I’ve been teaching for more than 20 years in university, with 20 years of training experience in the commercial sector before that. I’ve completed 2 postgrad diplomas in teaching & learning in the past few years, and regularly read around teaching techniques in order to try to stay on top of what will provide a good experience for my students.
And yet, I continue to talk too much. I know I do. I am conscious that I need to stop, but it’s been difficult to really redesign my delivery around smaller, bite-sized chunks of delivery with far more student engagement. Until earlier today...
Which is when I read a fabulous article from Rob McEntarffer - we’ll come to the title in a bit... In the article, Rob - teaching half a world away from me - gotta love the Internet for this connectivity! - identified an issue he faces when converting materials prepared for co-located teaching into ones suitable for use in the online space. The issue is building in time for what typically happens naturally in the “normal” classroom - comment, banter, chat, short discussion.
This doesn’t really happen in the same way on a Zoom or Teams call, because there’s a blocker - the mute button! Even if we’ve said to everyone “unmute if you want to say something”, that simple action of having to unmute is a real blocker to the ad-hoc, instant chat which goes on in a co-located teaching environment.
And this facilitates and exacerbates my own issue, as the instant feedback and chat which naturally goes on in the classroom, but which doesn’t happen so naturally in an online session means that I can just ramble on and on, even though I know I shouldn’t!
So to the title of Rob’s piece, and the brilliant yet so obvious advice (obvious now I’ve heard it!):
This small, easy to implement change can be applied to any deck in a minute or two with minimal effort. Whether between every slide, or after a few slides covering a point, inserting a blank slide, or one formatted in a specific way to signal “time for you to talk” to your class, and also to signal to me “shut up!”.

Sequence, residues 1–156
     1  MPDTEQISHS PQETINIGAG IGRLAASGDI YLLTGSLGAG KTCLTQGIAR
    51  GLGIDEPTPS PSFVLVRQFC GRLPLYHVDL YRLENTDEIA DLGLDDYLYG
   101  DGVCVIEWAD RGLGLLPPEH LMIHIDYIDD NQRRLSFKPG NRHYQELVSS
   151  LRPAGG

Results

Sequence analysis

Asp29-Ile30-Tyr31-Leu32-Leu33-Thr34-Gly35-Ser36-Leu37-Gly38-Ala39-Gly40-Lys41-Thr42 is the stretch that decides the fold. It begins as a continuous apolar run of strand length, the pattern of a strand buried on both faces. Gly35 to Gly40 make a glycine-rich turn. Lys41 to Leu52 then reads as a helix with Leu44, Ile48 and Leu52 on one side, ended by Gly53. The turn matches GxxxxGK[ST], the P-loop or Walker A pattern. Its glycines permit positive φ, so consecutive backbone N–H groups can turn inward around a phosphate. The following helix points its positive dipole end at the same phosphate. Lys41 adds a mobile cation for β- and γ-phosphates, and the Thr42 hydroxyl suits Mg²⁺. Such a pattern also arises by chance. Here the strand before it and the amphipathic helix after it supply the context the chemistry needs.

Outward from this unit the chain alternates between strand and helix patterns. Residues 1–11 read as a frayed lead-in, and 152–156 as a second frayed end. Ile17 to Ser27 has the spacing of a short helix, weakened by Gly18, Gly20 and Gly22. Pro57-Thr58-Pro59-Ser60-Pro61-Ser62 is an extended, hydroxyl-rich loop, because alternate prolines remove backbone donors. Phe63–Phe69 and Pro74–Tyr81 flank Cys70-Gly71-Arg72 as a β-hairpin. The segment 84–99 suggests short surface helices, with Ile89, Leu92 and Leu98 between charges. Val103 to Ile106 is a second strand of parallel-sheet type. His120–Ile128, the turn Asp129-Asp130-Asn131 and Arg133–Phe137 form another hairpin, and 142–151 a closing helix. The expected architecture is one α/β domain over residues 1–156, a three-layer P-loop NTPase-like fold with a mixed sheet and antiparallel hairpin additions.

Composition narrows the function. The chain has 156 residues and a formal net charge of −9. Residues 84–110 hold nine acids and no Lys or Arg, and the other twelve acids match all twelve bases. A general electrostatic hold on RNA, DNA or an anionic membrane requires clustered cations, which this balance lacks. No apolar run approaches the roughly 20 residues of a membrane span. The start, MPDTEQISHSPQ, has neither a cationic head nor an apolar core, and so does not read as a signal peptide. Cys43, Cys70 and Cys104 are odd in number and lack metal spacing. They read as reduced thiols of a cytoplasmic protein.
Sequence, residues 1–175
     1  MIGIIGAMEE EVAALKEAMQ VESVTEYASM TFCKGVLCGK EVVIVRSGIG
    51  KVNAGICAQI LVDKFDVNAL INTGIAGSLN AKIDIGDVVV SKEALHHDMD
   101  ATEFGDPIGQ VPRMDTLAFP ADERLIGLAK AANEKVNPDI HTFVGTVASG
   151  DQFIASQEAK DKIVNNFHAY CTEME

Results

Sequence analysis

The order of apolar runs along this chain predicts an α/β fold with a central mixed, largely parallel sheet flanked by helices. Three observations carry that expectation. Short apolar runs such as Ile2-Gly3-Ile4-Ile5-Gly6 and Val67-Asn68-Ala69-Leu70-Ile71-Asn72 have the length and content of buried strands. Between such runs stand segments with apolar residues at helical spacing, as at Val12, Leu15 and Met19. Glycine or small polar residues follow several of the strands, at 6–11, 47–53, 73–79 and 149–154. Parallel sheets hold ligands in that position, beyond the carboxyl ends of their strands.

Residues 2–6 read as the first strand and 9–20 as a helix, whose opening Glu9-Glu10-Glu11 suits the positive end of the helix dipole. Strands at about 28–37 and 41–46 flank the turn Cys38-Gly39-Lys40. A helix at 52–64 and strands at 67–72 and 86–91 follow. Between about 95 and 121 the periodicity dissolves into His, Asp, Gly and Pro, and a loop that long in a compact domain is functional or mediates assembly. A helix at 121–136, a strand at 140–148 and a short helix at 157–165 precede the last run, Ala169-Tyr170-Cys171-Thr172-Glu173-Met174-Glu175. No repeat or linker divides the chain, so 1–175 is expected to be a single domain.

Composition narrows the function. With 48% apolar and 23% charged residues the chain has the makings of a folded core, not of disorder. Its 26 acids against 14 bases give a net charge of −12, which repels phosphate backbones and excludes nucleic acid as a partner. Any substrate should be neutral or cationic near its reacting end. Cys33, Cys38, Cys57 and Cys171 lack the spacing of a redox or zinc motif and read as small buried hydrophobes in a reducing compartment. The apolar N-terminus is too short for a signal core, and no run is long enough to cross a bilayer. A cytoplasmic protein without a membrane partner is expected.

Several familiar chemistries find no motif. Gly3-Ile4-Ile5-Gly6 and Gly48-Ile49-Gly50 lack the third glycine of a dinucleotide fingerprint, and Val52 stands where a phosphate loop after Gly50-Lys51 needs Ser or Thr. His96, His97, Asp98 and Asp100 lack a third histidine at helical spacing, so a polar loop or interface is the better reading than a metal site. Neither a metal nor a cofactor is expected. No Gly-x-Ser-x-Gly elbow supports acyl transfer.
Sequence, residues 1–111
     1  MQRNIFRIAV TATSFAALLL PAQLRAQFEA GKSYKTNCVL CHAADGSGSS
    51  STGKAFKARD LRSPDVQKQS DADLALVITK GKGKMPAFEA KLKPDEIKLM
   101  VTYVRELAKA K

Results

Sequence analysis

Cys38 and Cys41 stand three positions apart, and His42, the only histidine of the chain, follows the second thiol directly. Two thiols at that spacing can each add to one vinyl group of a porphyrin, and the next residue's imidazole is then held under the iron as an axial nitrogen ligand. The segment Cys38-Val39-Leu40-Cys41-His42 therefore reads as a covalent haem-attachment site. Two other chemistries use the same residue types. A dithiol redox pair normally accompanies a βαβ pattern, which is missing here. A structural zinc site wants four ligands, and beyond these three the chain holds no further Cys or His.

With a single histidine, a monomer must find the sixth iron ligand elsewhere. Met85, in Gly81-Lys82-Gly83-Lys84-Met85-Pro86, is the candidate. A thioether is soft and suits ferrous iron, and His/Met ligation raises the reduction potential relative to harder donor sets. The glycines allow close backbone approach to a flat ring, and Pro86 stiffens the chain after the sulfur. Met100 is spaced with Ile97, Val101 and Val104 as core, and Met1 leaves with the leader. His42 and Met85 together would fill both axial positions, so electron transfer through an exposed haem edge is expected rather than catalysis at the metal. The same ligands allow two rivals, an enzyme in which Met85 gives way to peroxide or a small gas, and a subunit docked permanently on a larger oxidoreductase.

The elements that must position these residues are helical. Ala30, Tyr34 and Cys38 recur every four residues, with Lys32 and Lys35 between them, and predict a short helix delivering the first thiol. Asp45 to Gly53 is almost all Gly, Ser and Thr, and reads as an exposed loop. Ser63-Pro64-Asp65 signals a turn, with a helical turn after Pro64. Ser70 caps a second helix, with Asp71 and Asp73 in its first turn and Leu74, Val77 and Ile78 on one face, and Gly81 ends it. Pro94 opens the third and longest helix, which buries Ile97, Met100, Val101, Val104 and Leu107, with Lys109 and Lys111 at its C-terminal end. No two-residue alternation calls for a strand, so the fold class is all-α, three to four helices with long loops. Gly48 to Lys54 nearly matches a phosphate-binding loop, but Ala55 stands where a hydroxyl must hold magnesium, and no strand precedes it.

A few weeks after Covid took hold and we’d transitioned into fully online classes, I asked some colleagues in the graduate school I lecture in to audit one of my sessions, and then to give me comment, critique and feedback on my delivery, & how the class was set up. A very wise piece of feedback, very gently delivered by my colleague Alessio, was that oftentimes, as teachers, we beat a subject to death, spending far too long describing it and expounding on it, when the students “got” the idea in the first 2 minutes.
This really made an impression on me, and is one which, combined with Rob’s nugget of inspiration, is moving me towards a far more granular design for my sessions approaching in the coming semester. 1-3 slides max, then a blank slide, and class discussion.
The discussion can take place in many different ways. I love the Zoom breakout rooms, and particularly the randomise option where I can throw 3 or 4 students into a breakout for 5 or 10 minutes so they interact with different members of class each time. This is great for breaking down cliques, those who always sat together in class, and exposing every student to others they might otherwise not engage with and learn from. Most of my classes are highly diverse, internationally, age profile, gender, backgrounds, so the more I can mix them all up and enable co-learning and synergy, the better as far as I can see.
So thanks Rob, and Alessio! As I, along with the rest of the teaching world, try to figure out my way forward, your collegial insights are helping me to create what hopefully will be more engaging and dynamic learning experiences for my students, be these in college, or in-company training courses.
If you have lasted this long in the article, and have any other nuggets or ideas to contribute, please do - continue the conversation and we’ll all benefit from the sharing!
Cheers from a sunny Dublin, Ireland!
Asst. Professor & Director, MSc Project Management programmes, UCD Smurfit Graduate School of Business